Victorian feminists were concerned with being feminine.

Their priorities were with their families, not with personal status.

This meant valuing things like emotional awareness and sexual modesty.

It’s a feminism that was far less combative, opting instead for collaboration with the male “species” in an attempt to further their aims.

Which, again, were to raise a strong family unit.

It was a form of feminism that trumpeted roles inherent to motherhood and extended female influence from the bedroom to the public space.

This woman was heralded as the familial glue, and respected within the greater societal framework for it.

Maybe thats not your cup of tea.

Fair enough, I’m simply laying out the timeline.

Personally, I’d like to move forward anyway.

So, 2002.

Ever seen “My Big Fat Greek Wedding?”

Great film. In it, there’s a line which has always stuck with me…

“The man may be the head, but the woman is the neck — and she can turn the head any way she wants

Maria Portokalos

“Cult classic.”

Beauty, not too long ago, was still rooted in something real.

Influence.

The desire to build strong communities with meaningful relationships marked the feminine ideal of the period between 1800 and 1900.

And Now…

Sex symbols are the titans of modern marketing.

Being a Playboy Bunny, Victoria’s Secret Angel, or a friend of Dan Bilzerian has become the desired end for attractive girls across the globe.

The sexual revolution of the 1970s and beyond resulted in the explicit reduction of female autonomy.

No longer does she contain a universe beauty.

Now, she only represents a walking sex organ.

Sex.

Not reproduction, or inspiration, or family life.

Sex drive has become the primary outlet for feminine expression in the 21st century. And we’re at an inflection point.

(See: only fans)

#FreeBritney

Pornography is consumed by millions of pre-pubescent brains who have no bearing on what is real, and what isn’t.

At least, not anymore.

Women sell themselves online in an attempt to recoup some of the capitalist gumbo floating around a wildly broken economy.

And really, who can blame them?

When everything is relative, finding what’s true becomes a chore.

It’s easier than ever to take the paycheck, in part because people need it.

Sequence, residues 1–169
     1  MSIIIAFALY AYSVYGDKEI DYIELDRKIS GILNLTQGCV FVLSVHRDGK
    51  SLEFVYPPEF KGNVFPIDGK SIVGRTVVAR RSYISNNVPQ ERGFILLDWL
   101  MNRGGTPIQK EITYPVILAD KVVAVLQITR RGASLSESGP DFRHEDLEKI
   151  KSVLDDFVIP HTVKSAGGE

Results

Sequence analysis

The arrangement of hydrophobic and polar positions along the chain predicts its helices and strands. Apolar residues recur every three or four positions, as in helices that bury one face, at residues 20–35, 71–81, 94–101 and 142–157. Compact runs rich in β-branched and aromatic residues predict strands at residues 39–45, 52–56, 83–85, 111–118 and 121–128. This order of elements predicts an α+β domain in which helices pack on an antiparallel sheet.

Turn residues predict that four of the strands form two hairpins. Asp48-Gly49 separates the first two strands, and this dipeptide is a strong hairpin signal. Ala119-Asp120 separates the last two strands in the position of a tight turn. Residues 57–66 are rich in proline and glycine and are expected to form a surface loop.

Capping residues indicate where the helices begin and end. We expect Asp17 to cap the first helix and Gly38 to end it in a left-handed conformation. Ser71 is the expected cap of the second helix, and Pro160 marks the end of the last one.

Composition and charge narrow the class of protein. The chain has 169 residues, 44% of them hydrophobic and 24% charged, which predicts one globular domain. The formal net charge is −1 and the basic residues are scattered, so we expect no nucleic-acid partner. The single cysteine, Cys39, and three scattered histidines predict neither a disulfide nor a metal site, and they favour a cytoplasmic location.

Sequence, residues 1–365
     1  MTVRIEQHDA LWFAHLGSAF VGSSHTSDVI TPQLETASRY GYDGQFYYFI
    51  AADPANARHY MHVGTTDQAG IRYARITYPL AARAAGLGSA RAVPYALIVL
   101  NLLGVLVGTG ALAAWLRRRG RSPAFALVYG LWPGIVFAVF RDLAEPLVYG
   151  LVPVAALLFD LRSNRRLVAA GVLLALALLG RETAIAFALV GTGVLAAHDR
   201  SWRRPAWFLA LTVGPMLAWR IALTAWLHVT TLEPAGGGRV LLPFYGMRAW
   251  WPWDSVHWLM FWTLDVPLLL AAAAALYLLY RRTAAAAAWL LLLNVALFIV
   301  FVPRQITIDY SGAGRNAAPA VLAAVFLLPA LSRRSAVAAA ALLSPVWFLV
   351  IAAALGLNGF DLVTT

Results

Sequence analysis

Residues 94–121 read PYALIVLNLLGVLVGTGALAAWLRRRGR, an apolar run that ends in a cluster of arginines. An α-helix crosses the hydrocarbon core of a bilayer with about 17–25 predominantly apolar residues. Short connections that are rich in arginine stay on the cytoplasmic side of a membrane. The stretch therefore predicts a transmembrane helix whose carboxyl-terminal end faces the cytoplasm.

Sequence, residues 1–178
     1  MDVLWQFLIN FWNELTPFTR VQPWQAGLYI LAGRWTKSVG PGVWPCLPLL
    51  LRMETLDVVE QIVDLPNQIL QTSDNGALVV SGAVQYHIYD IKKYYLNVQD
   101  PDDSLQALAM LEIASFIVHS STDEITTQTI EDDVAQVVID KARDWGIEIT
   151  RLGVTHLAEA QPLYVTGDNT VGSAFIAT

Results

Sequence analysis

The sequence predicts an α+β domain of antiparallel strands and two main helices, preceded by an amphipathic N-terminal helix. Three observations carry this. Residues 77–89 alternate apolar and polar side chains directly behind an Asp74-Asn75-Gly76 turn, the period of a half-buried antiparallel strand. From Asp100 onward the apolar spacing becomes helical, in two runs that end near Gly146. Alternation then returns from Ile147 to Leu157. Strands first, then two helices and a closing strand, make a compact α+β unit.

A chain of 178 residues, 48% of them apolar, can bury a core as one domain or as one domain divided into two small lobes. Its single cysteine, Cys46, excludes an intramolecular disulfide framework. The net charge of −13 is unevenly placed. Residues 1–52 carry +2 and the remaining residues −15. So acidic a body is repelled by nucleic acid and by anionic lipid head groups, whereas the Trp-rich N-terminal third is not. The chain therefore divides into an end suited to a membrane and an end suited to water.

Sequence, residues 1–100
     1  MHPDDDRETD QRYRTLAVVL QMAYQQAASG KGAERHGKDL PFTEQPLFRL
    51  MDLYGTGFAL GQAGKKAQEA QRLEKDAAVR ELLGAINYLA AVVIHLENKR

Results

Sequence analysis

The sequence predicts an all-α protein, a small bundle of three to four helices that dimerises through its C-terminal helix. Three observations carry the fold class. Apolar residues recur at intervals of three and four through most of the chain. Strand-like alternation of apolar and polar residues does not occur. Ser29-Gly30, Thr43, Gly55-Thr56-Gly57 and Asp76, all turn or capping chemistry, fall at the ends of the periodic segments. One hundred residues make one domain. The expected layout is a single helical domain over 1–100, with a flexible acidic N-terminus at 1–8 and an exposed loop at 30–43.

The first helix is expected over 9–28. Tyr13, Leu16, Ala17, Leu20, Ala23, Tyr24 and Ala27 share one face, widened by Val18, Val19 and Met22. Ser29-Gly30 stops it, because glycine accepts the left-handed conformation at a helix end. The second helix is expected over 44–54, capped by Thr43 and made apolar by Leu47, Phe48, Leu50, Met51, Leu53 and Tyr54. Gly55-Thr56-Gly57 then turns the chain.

This is a recipe for disaster.

We are conditioning a generation of brain dead sex dummies who will enter a world of virtual reality hedonism and robot simulated intercourse on demand.

Is this the pinnacle of beauty?

Today what’s beautiful is no longer rooted in any objective reality, but has instead morphed into a commodity used to control weak minds.

I guess, it’s what we’ve asked for.

Here and now, I think women have a choice to make. Because, really it is up to you to decide how the future goes down.

Yes. You.

As the primary selectors of our genetic pool, you bear the responsibility not only to create life, but to sustain it.

Think about this; you are like a filter for the future of humanity.

Your relational and reproductive decisions now will reverberate into the coming generations. And beyond.

All I’m asking, is that you choose wisely.

Our posterity depends on your ability to select partners who will mold the future for our collective good, and not ones who will sully it for their own.

You contain divinity.

You, are beautiful.

Act like it.

You don’t have to be a baby maker.

You don’t have to be ‘respectable’, in some archaic sense of the word.

You don’t have to be pale, or tan, or skinny, or fat, or short, or tall…

You just have to be you.

Because I suspect that the real you, buried deep down, is far more interesting than the mask society has placed about your being… so, be yourself.

And know that it’s enough.

I like big ideas and I cannot lie.